The obvious problem is collisions between the stages — one stage being required by more than one instruction simultaneously. We will look at a technique for managing pipelines that can be implemented in hardware relatively cheaply. This algorithm is credited to E S Davidson, and like many of the techniques used now for microprocessors it has its roots in problems first encounted when developing supercomputers in the 60s and 70s.
Consider the pipeline shown in figure 6.1, with the first two stages used twice.
If we start an instruction in the pipeline, at what future time can we start another instruction? We can construct a reservation table which shows which stages in the pipeline are in use in any given time cycle, assuming that just a single instruction was started at time 1 — see figure 6.2.
T1 T2 T3 T4 T5 T6 S1 X X S2 X X S3 X S4 X
Suppose having started one computation, we start a new computation k clock cycles later — we can superimpose a new copy of the reservation table on figure 6.2, offset by k clock cycles. If any crosses overlap, then k is a forbidden latency. Otherwise, k is an allowable latency. That is, we can start a new computation at that point. Clearly, that leads to a further question: once we have started a second computation, and the first is still in the pipeline, when/if can we start a third?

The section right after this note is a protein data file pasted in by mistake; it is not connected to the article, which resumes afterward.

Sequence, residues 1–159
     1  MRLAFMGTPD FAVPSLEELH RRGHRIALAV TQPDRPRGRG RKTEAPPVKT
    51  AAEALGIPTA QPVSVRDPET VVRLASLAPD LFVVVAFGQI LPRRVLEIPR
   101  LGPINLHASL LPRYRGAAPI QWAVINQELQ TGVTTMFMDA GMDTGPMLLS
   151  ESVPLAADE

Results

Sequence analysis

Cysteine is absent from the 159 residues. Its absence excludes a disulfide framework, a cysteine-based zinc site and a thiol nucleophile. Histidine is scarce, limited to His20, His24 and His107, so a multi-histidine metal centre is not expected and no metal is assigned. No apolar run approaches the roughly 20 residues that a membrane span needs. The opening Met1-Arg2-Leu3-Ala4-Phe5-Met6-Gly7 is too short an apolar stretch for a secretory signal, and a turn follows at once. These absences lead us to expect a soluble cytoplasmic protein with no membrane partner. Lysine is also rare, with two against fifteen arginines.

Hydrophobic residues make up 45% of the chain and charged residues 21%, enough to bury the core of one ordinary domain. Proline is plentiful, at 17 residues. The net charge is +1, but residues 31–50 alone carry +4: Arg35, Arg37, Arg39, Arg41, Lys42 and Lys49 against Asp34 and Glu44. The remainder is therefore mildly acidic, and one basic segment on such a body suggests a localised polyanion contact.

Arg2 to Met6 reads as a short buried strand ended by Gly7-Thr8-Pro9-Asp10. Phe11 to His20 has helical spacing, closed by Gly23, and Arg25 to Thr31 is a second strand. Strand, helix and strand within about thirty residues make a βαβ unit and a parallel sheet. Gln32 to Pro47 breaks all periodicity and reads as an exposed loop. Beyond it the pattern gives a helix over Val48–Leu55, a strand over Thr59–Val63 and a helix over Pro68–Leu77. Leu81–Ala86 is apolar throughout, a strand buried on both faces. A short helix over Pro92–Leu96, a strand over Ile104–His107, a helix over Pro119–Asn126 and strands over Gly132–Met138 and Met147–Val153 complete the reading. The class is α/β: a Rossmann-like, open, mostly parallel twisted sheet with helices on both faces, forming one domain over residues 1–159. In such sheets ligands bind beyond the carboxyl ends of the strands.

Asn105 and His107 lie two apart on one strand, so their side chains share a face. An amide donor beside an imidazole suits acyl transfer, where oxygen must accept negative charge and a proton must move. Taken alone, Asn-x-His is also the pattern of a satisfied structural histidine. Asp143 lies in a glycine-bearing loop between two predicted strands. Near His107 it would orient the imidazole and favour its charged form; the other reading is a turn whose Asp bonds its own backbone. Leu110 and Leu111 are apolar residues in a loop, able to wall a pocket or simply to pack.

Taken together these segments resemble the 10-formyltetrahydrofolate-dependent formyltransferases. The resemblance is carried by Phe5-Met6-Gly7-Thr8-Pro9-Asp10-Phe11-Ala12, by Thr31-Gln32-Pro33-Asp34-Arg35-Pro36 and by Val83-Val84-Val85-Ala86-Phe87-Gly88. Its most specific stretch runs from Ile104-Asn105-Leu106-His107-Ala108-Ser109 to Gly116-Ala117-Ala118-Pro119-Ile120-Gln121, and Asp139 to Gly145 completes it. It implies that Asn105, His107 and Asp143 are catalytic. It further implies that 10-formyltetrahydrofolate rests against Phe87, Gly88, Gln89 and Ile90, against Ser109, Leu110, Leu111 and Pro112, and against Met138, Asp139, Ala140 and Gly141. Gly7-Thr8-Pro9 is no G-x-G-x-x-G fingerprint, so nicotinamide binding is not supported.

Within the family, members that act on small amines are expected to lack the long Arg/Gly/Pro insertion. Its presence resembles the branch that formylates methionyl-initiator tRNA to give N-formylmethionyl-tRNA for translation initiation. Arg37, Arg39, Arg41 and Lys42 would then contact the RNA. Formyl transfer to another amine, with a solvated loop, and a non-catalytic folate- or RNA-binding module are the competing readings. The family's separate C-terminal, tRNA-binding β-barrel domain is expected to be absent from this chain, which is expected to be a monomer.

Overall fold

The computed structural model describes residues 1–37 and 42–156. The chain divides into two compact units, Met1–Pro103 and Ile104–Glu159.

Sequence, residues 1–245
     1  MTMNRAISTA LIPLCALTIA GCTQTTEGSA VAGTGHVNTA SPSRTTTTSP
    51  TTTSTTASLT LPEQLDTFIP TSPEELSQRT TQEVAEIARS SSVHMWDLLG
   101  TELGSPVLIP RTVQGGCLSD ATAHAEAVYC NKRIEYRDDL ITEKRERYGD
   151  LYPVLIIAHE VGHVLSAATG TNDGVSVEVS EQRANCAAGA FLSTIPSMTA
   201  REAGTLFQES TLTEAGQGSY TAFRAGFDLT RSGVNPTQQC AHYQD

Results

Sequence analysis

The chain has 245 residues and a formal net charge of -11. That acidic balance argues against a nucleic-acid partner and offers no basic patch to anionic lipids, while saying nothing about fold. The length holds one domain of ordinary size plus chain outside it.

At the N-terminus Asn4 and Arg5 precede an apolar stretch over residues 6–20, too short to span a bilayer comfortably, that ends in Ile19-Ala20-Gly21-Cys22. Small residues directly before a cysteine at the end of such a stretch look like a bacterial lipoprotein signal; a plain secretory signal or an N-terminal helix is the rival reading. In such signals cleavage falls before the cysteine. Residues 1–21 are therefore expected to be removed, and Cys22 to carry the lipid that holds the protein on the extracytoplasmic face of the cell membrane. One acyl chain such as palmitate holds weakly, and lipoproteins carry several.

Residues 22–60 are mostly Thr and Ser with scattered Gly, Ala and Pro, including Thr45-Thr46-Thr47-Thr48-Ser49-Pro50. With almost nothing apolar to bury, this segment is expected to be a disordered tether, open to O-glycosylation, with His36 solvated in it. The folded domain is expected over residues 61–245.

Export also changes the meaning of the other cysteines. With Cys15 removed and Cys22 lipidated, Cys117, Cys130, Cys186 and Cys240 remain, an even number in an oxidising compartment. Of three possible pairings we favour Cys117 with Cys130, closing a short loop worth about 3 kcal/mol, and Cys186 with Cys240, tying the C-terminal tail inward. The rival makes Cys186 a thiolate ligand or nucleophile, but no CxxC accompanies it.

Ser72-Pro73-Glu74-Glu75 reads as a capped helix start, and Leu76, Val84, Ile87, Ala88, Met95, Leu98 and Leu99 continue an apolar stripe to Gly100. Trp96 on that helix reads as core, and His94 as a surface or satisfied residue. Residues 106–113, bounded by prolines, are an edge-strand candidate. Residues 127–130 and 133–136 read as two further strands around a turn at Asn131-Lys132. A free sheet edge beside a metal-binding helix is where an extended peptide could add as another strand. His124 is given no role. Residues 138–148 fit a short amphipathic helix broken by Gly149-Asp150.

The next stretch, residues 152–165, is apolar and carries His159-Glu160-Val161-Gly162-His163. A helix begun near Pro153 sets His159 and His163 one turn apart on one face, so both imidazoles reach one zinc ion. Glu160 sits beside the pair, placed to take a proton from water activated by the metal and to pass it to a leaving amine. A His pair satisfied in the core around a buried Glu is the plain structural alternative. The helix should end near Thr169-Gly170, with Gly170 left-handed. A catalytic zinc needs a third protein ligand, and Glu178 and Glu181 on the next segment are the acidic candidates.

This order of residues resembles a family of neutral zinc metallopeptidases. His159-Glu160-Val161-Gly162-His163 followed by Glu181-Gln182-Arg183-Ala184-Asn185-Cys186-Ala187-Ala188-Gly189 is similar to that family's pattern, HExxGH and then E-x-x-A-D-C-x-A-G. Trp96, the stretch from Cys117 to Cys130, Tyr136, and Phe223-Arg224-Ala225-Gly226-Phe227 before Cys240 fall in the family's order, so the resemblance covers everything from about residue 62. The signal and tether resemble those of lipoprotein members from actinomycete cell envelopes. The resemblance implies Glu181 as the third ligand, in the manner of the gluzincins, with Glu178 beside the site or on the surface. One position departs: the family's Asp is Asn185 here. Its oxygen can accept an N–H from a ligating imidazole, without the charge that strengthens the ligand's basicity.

We can construct a collision vector from the reservation table that forms the basis of a very simple control algorithm. Consider an n-bit vector: Cv = cn, cn−1, ⋯, c3, c2,